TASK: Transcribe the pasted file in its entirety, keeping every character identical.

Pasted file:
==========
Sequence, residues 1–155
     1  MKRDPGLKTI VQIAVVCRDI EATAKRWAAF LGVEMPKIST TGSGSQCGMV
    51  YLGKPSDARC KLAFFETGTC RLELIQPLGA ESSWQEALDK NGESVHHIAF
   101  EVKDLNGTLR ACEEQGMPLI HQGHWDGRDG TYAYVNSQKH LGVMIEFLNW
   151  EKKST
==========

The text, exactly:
Sequence, residues 1–155
     1  MKRDPGLKTI VQIAVVCRDI EATAKRWAAF LGVEMPKIST TGSGSQCGMV
    51  YLGKPSDARC KLAFFETGTC RLELIQPLGA ESSWQEALDK NGESVHHIAF
   101  EVKDLNGTLR ACEEQGMPLI HQGHWDGRDG TYAYVNSQKH LGVMIEFLNW
   151  EKKST